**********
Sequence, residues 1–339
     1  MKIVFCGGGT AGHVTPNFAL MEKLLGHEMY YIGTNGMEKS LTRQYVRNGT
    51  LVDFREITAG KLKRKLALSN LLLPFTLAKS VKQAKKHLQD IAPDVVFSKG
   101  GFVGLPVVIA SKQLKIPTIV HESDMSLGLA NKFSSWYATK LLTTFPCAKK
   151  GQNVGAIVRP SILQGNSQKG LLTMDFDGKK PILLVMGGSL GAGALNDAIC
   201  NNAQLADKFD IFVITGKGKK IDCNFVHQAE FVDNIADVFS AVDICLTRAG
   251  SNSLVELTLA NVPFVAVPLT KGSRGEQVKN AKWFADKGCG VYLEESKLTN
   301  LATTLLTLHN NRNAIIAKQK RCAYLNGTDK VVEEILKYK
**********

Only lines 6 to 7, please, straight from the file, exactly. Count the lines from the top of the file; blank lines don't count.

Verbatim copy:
   201  NNAQLADKFD IFVITGKGKK IDCNFVHQAE FVDNIADVFS AVDICLTRAG
   251  SNSLVELTLA NVPFVAVPLT KGSRGEQVKN AKWFADKGCG VYLEESKLTN